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Non-Precision Approach

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Description

A non-precision approach is an instrument approach and landing which utilises lateral guidance but does not utilise vertical guidance. (ICAO Annex 6)

Non-precision approaches which are pilot-interpreted make use of ground beacons and aircraft equipment such as VHF Omnidirectional Radio Range (VOR), Non-Directional Beacon and the LLZ element of an ILS system, often in combination with Distance Measuring Equipment (DME) for range. Lateral guidance is provided by a display of either bearing to/from a radio beacon on the approach track or at the airfield or, in the case of an LLZ only approach, by display of the relative position of the LLZ track on the aircraft ILS instruments and vertical guidance is based on the range from the airfield as indicated by a DME at the airfield or on track or by timing based upon passage overhead radio beacons on the track described by the designated procedure.

Non-precision approaches are often conducted with less use of automated systems than precision approaches. However, on many modern aircraft, automatic systems may be left engaged until reaching the Minimum Descent Altitude/Height, or beyond.

For pilots of older aircraft, in which use of automated systems to assist in flying the approach is limited, a high degree of piloting skill is required to fly such approaches accurately and the frequent practice which many pilots need to achieve this can be difficult to come by if precision approaches are the normal method used.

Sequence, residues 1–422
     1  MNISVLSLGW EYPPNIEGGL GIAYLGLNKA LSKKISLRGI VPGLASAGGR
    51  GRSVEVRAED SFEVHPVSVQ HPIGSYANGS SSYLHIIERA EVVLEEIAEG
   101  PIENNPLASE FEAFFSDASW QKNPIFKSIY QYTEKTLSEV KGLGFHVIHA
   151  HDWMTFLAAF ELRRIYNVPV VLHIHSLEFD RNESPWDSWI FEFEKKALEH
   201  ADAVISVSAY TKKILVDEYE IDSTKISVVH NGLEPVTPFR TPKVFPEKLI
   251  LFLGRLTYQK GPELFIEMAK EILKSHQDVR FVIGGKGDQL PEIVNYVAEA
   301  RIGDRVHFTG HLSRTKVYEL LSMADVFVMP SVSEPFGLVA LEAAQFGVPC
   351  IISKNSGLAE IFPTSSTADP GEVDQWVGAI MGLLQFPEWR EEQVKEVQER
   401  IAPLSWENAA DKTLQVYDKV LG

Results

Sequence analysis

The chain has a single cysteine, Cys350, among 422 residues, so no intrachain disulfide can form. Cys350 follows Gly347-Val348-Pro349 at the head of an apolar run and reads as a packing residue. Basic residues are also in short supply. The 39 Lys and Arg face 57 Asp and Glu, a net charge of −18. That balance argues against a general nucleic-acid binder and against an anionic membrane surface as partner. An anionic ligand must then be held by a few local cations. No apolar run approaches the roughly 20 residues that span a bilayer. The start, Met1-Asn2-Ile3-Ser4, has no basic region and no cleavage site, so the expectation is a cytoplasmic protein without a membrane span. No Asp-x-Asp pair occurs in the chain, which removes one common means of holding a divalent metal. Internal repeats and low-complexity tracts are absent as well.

A high proportion of Controlled Flight Into Terrain (CFIT) accidents have been shown to occur during non-precision approaches. This is in part a result of loss of situational awareness, e.g. resulting in descent before the initial approach fix; and in part a consequence of the lack of precise vertical guidance, which may involve leveling off at intermediate points between the initial approach fix and MDA/H (a step-down approach).

The Continuous Descent Final Approach (CDFA) technique has been promoted in order to mitigate the risks inherent in the standard step-down approach. This procedure may be further simplified in use by the vertical navigation (VNAV) feature of Flight Management System.

An example of a non-precision approach procedure is illustrated below.


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Other instrument approaches which utilise lateral and vertical guidance but do not meet the requirements established for precision approach and landing operations are also classified as non-precision approaches. Examples are a Surveillance Radar Approach (SRA) or a VDF approach.

See also Aerodrome Operating Minima.

Further Reading

  • ICAO Annex 6;

Flight Safety Foundation

The Flight Safety Foundation ALAR Toolkit provides useful training information and guides to best practice. Copies of the FSF ALAR Toolkit may be ordered from the Flight Safety Foundation ALAR website http://www.flightsafety.org/current-safety-initiatives/approach-and-landing-accident-reduction-alar